Talk to the Veterans Crisis Line now
U.S. flag
An official website of the United States government

VA Health Systems Research

Go to the VA ORD website
Go to the QUERI website

HSR&D Citation Abstract

Search | Search by Center | Search by Source | Keywords in Title

Prescribing an App? Oncology Providers' Views on Mobile Health Apps for Cancer Care.

Berkowitz CM, Zullig LL, Koontz BF, Smith SK. Prescribing an App? Oncology Providers' Views on Mobile Health Apps for Cancer Care. JCO clinical cancer informatics. 2017 Nov 1; 1:1-7.

Dimensions for VA is a web-based tool available to VA staff that enables detailed searches of published research and research projects.

If you have VA-Intranet access, click here for more information

VA staff not currently on the VA network can access Dimensions by registering for an account using their VA email address.
   Search Dimensions for VA for this citation
* Don't have VA-internal network access or a VA email address? Try searching the free-to-the-public version of Dimensions


INTRODUCTION: Although there are over 500 mobile health (mHealth) applications (apps) available for download in the field of oncology, little research has addressed their acceptability among health care providers. In addition, the providers'' perspectives regarding patient app use has been largely unexamined. We conducted a qualitative study to explore opportunities and barriers for mHealth app use for oncology care. METHODS: We developed a structured interview guide focusing on acceptability, appropriateness, feasibility, and sustainability of the use of apps in cancer care. We interviewed 15 oncology providers about their attitudes and preferences. De-identified audio recordings were transcribed and coded for emerging themes. RESULTS: Providers interviewed included physicians (n = 8) and advanced practice (n = 3) and supportive services (n = 4) providers who care for a wide range of cancer types; ages ranged from 32 to 68 years. Interviews lasted approximately 30 minutes. Oncology providers reported limited exposure to mHealth apps in patient care, but were generally open to recommending or prescribing apps in the future. Key themes included opportunities for mobile app use (including general health promotion, tracking symptoms, and engaging patients) and barriers to implementation (including access to technology, responsibility, workflow, and the source of the app itself). CONCLUSION: Our results show openness among oncology providers to using mHealth technology as part of patient care, but concerns regarding implementation. Designing acceptable apps may be challenging and require involvement of key stakeholders, partnering with trustworthy institutions, and outcome-based research.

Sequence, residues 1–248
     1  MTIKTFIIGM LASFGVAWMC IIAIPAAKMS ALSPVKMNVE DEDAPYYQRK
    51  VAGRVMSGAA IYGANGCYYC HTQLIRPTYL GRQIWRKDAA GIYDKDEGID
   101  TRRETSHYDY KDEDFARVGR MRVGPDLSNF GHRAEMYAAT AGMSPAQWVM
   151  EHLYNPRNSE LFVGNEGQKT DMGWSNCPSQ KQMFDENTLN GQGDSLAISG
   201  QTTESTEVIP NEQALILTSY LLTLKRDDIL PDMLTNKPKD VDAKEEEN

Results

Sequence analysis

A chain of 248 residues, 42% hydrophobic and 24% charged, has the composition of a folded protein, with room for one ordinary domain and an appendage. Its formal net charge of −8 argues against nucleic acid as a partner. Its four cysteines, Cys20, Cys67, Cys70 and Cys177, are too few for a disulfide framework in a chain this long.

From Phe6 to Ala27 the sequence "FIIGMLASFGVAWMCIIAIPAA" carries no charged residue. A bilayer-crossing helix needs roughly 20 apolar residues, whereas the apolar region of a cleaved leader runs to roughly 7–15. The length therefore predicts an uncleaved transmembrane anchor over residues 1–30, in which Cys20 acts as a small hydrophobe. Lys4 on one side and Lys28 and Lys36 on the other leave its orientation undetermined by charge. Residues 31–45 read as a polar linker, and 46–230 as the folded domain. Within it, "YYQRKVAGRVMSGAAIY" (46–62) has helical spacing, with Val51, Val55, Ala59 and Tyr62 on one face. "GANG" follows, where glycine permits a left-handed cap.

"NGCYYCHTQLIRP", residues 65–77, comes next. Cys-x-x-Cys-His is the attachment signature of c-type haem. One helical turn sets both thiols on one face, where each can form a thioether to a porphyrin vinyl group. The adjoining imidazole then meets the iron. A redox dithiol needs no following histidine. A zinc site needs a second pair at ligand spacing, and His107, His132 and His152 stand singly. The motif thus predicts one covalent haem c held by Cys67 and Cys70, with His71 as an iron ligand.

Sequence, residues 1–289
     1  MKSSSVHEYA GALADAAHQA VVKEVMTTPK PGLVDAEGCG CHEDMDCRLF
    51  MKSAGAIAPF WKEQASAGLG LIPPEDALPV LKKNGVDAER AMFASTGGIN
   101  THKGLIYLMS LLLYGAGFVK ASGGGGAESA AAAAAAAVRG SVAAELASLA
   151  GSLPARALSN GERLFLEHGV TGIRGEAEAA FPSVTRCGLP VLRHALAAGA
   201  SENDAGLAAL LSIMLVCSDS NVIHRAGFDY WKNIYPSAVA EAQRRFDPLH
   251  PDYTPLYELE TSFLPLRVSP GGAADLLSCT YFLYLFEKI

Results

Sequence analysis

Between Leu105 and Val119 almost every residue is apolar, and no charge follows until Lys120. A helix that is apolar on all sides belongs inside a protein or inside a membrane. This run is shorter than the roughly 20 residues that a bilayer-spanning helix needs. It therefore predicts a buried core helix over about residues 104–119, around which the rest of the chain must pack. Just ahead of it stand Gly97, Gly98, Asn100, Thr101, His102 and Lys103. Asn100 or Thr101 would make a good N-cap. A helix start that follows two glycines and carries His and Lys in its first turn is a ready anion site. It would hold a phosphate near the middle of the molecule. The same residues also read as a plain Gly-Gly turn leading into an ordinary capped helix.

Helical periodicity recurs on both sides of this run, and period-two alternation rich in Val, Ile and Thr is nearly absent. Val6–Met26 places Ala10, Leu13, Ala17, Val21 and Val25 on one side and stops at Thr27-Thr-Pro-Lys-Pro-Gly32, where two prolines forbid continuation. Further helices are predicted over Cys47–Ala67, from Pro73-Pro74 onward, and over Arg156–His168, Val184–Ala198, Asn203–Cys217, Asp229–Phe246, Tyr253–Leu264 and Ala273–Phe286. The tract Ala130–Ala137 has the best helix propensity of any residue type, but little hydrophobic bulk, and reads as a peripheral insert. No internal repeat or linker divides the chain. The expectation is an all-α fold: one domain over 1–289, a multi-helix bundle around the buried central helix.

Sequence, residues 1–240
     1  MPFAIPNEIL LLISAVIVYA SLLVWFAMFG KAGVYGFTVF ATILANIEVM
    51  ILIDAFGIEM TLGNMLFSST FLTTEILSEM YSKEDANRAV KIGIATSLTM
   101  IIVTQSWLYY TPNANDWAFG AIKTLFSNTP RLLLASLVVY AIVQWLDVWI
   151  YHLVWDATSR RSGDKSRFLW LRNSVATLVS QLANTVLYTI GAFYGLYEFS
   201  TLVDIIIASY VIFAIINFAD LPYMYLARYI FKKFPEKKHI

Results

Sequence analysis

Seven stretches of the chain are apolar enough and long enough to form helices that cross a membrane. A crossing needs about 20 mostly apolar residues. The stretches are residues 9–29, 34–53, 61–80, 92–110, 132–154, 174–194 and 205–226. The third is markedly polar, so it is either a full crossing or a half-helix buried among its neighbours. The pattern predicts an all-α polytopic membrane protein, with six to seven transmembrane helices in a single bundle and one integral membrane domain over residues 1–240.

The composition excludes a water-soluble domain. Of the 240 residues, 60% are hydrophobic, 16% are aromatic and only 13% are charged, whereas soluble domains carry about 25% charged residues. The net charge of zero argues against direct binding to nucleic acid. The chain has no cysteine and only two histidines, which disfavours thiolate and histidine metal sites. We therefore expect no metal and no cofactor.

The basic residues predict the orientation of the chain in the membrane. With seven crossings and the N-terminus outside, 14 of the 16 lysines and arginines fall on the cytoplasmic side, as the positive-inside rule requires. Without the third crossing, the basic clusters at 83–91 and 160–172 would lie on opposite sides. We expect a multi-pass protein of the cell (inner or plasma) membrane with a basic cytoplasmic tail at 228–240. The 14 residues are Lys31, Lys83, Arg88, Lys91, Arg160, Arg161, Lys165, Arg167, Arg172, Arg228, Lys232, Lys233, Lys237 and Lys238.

Questions about the HSR website? Email the Web Team

Any health information on this website is strictly for informational purposes and is not intended as medical advice. It should not be used to diagnose or treat any condition.